HaShem needs to send us yisurim -- not merely for a kapara/atonement for our sins, but also to prompt us to grow close to Him! To prompt us to tell Him what's on our minds, why our hearts are heavy, what our goals, hopes, and dreams are.
Our problems and the method through which we overcome them really shape us to be who we are.

This past Motzei Shabbat (last night), I noticed a lady on the steet staring at me. Hmm, why was she staring at me? I had a nice winter outfit on (cute hat and all), but that couldn't be the sole reason. I recognized that look. It wasn't an admiration stare. It was a you-are-a-weirdo stare. And then I realized...
I was having a conversation with HaShem. I didn't even realize that I was doing it out loud --- aka not in my head! :)

Earlier today, I was driving and wanted to listen to my favorite CD. I lent it to a friend, so I decided to pop a different one in. It was the perfect song for sending me clarity: Itzik Eshel's "Hoshea Na."
The line that changed my entire mood: (roughly translated from Hebrew): "even when it's difficult for me, and I'm very hurt...I'll still call to You, loving Father. Please send me salvation; send me success."
It's far more powerful in Hebrew, but you get my drift. By sending us all of these hardships, HaShem is sending us a precious gift...opportunities to grow closer to Him! HaShem isn't giving up on any of us, and we certainly shouldn't give up on Him! If there's any advice I could ever give the world, it's that emunah and tefillah are the keys to all of the real successes in life.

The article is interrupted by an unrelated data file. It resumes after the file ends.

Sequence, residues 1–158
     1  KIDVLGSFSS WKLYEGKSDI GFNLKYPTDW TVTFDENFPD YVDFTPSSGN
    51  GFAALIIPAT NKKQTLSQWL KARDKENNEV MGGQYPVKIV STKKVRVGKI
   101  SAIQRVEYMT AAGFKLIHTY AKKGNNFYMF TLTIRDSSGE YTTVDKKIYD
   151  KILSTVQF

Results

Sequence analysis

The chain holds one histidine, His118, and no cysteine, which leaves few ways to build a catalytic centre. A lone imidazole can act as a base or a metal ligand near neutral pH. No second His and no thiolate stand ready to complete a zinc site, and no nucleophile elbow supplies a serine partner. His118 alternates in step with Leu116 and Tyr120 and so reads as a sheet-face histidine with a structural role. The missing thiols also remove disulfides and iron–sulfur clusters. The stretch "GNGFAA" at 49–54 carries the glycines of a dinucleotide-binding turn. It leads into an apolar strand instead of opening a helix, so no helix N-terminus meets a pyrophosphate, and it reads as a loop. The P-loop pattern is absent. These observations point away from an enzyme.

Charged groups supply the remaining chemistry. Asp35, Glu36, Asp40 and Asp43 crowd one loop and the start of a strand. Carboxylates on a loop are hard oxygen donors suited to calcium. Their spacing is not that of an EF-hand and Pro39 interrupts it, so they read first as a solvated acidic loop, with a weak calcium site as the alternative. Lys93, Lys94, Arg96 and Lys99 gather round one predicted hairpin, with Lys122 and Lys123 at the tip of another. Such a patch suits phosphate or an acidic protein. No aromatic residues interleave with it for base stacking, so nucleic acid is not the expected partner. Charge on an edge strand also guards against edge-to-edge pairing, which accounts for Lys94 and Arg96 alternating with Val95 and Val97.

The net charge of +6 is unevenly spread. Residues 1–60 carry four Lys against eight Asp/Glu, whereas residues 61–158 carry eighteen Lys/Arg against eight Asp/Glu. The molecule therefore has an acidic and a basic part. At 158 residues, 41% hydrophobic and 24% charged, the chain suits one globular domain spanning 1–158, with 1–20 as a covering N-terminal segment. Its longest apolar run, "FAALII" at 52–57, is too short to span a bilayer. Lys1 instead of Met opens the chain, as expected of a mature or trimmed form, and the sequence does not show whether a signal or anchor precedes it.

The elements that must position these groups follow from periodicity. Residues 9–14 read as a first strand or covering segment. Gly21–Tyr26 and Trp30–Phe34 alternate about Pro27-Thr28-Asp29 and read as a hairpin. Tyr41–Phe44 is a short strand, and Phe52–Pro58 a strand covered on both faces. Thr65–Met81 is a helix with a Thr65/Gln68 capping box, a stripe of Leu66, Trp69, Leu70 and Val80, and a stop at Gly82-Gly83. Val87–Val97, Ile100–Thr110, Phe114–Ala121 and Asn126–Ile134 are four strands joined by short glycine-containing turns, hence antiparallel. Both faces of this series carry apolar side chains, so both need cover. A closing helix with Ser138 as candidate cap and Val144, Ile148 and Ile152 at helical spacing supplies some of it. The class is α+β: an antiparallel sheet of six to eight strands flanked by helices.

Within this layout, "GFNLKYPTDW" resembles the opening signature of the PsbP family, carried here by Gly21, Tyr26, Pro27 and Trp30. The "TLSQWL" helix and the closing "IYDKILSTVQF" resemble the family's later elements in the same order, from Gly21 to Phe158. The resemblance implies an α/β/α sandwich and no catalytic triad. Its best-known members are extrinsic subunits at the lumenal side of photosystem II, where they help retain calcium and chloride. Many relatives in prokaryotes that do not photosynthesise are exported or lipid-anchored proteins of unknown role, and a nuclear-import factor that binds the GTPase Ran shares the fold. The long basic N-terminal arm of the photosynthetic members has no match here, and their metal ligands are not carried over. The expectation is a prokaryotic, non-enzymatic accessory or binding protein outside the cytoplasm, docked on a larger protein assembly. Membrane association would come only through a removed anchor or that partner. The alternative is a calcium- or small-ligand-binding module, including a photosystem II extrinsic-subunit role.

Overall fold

Have a wonderful week :)

Thursday, October 21, 2010

The Whole World is A Very Narrow Bridge...and the main thing to recall is to have no fear at all

Sometimes I think about my life as an old, bitter lady with a few cats, living all alone. Never married. No children. It's a scary thought...
a lot of people (myself included) brush it off with "chas v'shalom" but sometimes, my yetzer hara nudges me: "what if?"
What if it would actually happen?

The answer, my friends, is that all it takes is ONE moment. One day. HaShem can turn your whole life around. It's that one phone call that can happen any fateful day. That day that you're just cleaning your room, and a shadchan or friend calls and tells you that (s)he has someone for you. That day that you're studying for an exam or driving back from work. It can be any moment, any second. It can be today, or tomorrow, or the next day. It can be next week, this month, next month, next year, or in a few years.